Rebop is a jazz repertory aggregation specialising in the arcane art of bebop and related music. Formed originally as a quintet to examine the repertoire of the modern jazz explosion circa 1944-1949

Rebop specialises in the innovative and exhilarating modern jazz that flowered in the mid-1940s in the hands of Charlie Parker, Dizzy Gillespie, Thelonious Monk, Miles Davis and other great jazzmen. Rebop Minus One are:

Kevin Flanagan comes from Lowell MA, USA. He has been involved in jazz and blues, both recording and performing. He settled in the UK Kevin Flanagan Rebop Jazznights 180410 (7)in 1985, playing with his own group and with musicians such as Dick Morrissey, Alan Barnes, Gerard Precenser, and Dave Cliff. He has made two successful CDs with Chris Ingham as the Flanagan-Ingham Quartet.
Colin Watling specialises in tenor sax and colin watling 2004offers the full gamut of musical styles in his performances from soft and mellow, through to boppy and brassy….. and always in great humour. Colin is rated by many as one of the most exciting tenor saxophonists on the circuit with his melodic, swinging sound.
Chris Ingham trained as a drama teacher at Warwick University before succumbing to the music, he played guitar in misunderstood art ‘n’ b combo The Locomotives and was pianist/vocalist in the Flanagan Ingham Quartet who released two albums (Zanzibar and Textile Lunch) and were described by The Observer as ‘one of Britain’s most original bands’. He is jazz piano and jazz voice tutor at Anglia Ruskin University, Cambridge As an erstwhile music journalist he has contributed to Mojo magazine since 1996 and has publishedRebopGallery13 three books; Billie Holiday, Rough Guide to the Beatles, and Rough Guide to Frank Sinatra.
Andrew James Brown is a minister of religion working in Cambridge UK inspired by the thinking of Epicurus, Lucretius, Spinoza, Nietzsche, Bloch, Wittgenstein and Heidegger and is a University Chaplain to Cambridge University, Anglia Ruskin University and a Police Chaplain for the Cambridgeshire Constabulary as well as being a highly respected professional jazz double-bass RogeratTheBellplayer.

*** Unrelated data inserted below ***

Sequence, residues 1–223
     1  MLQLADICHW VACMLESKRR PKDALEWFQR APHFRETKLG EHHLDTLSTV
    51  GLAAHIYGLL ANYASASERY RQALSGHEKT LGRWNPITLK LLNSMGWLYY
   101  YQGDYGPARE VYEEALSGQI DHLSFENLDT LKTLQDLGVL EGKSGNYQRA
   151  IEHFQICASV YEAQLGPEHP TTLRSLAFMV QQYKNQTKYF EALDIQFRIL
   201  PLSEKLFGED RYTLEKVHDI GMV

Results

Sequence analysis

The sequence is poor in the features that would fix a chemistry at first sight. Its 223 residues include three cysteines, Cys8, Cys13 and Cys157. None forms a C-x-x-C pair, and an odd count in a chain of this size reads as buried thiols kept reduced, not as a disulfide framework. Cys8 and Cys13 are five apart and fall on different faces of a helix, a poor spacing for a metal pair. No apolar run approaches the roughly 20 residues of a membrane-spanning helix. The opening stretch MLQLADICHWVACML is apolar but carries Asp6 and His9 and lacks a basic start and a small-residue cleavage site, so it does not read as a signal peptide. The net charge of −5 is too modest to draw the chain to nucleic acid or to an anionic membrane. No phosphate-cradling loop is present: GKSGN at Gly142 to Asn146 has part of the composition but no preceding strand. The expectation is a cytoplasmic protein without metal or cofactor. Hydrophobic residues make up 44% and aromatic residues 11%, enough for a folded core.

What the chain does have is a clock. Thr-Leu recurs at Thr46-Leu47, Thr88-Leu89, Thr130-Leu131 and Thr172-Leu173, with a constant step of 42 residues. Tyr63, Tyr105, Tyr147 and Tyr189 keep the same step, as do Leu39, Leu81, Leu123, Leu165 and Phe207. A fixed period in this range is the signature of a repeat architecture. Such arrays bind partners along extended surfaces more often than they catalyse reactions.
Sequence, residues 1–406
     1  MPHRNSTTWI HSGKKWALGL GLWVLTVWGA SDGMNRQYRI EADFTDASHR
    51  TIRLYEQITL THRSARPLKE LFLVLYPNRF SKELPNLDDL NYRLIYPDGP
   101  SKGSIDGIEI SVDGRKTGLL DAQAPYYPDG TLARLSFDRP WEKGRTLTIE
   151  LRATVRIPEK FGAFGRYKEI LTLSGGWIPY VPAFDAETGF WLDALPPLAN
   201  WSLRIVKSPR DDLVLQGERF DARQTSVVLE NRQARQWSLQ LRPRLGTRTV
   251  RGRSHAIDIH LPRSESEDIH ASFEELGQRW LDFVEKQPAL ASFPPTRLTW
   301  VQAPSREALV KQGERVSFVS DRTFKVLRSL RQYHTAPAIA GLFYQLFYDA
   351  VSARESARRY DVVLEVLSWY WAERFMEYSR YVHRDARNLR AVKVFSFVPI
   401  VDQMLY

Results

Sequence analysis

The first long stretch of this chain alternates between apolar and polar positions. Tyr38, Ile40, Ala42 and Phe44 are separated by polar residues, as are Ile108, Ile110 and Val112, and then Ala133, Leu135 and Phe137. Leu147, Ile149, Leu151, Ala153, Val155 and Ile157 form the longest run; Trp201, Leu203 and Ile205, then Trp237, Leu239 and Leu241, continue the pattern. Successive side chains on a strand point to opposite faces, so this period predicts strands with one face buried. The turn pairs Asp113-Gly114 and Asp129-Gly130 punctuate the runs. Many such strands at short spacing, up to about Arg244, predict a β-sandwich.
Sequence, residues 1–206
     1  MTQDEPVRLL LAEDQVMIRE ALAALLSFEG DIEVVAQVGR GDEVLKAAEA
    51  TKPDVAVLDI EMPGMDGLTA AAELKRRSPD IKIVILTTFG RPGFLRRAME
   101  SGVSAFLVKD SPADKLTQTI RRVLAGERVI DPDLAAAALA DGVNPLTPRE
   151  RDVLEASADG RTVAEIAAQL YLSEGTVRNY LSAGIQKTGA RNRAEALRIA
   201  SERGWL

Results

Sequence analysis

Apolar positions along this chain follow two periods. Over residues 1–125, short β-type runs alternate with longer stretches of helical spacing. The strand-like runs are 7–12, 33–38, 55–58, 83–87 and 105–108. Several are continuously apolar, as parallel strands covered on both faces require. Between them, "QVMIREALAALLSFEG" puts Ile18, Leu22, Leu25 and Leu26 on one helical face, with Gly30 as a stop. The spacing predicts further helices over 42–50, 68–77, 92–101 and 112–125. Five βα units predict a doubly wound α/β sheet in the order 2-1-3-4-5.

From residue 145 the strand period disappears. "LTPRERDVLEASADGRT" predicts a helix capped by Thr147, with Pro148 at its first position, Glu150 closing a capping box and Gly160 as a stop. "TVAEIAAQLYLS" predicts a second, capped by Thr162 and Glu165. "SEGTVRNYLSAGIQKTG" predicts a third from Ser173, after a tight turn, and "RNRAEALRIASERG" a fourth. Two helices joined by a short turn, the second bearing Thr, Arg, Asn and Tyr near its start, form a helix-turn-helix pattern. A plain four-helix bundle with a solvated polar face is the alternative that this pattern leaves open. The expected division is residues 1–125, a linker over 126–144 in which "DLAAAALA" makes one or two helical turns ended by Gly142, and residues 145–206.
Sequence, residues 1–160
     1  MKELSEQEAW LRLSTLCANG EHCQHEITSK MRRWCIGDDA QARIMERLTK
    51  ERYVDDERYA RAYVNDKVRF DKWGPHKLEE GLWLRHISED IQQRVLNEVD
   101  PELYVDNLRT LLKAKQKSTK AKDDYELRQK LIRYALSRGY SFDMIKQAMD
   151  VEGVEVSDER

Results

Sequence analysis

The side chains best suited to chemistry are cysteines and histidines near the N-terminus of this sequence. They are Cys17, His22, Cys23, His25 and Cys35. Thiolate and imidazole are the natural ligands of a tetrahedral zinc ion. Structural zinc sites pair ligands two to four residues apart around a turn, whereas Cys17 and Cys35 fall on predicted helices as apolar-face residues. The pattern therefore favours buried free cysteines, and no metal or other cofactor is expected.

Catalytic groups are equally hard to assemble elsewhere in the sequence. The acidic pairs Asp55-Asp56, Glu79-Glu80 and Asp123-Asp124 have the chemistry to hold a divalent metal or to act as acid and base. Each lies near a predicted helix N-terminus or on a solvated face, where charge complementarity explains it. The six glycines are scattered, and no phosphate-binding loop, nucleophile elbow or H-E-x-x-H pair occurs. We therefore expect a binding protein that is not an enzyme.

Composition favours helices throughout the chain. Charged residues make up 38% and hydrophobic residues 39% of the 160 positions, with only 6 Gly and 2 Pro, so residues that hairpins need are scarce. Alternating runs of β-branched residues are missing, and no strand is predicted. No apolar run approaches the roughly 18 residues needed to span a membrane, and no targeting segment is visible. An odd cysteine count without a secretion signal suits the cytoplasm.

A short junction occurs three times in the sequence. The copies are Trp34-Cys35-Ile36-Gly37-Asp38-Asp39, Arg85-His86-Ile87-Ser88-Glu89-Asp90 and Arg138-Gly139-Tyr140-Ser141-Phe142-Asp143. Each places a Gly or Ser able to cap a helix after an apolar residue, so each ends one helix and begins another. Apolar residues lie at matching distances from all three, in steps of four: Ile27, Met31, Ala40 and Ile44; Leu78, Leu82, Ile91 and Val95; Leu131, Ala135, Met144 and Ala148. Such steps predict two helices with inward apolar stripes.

Roger Odell was one of the founder members and drummer with the jazz-funk group Shakatak. Roger has toured internationally and recorded numerous CDs, which he continues to do on a regular basis to this day

Unfortunately due to our ill health we unable to attend this much awaited gig but with the help of Norman – a Jazznights stalwart and great supporter the following notes run through the nights program.

larraine_odell_croppedResident Jazznights songbird opened the evening with three love;y songs namely:
The 1945 Rodgers & Hammerstein song – It Might As Well Be Spring, Bill Evan’s Some Other Time and I’m Old Fashioned, a 1942 song composed by Jerome Kern, with lyrics written by Johnny Mercer. Larraine was accompanied by Chris Ingham (piano) Andy Brown (double bass) and Roger Odell (drums). All arrangements were by Roger Odell

REBOP opened their set with Duke Ellington’s Cottontail  his famous 1940’s band with Jimmy Blanton on bass and Ben Webster on tenor sax recorded it on May 4, 1940. Arthur Arthur Schwarz’s 1932 Alone Together followed, both tenors getting full shares of the solos. A Ben Webster style version of Hank Mobley’s This I Dig Of You was again very wildly praised.

Clifford Brown’s Lover Man  was then followed by Vernon Duke’s 1934 Autumn In New York which many of us associate with Charlie Parker 1946 recording. Charlie Parker and Dizzy Gillespie’s Anthropology was next. All the Things You Are followed which was a song composed by Jerome Kern, with lyrics written by Oscar Hammerstein II. Again this tune is associated with Charlie Parker who was quoted as saying this song had his favourite lyrics. He used to call it "YATAG" which is an acronym for the lines "you are the angel glow" in the "B" part of the tune

The final number was an own composed medley of blues which although not officially titled, they just call B Flat Blues

This ended a wonderful evening by all – alas this did not include myself and that felt even worse when I read the great play list – thank you Norman.

There will not be a Jazznight on Sunday 26th December for obvious seasonal reasons but The Milan born Tommaso Starace, the  alto saxophonist’s star will be featured with the Jazznights Trio on Sunday 9th January 2011

For further information and future gigs go to www.jazz-nights.com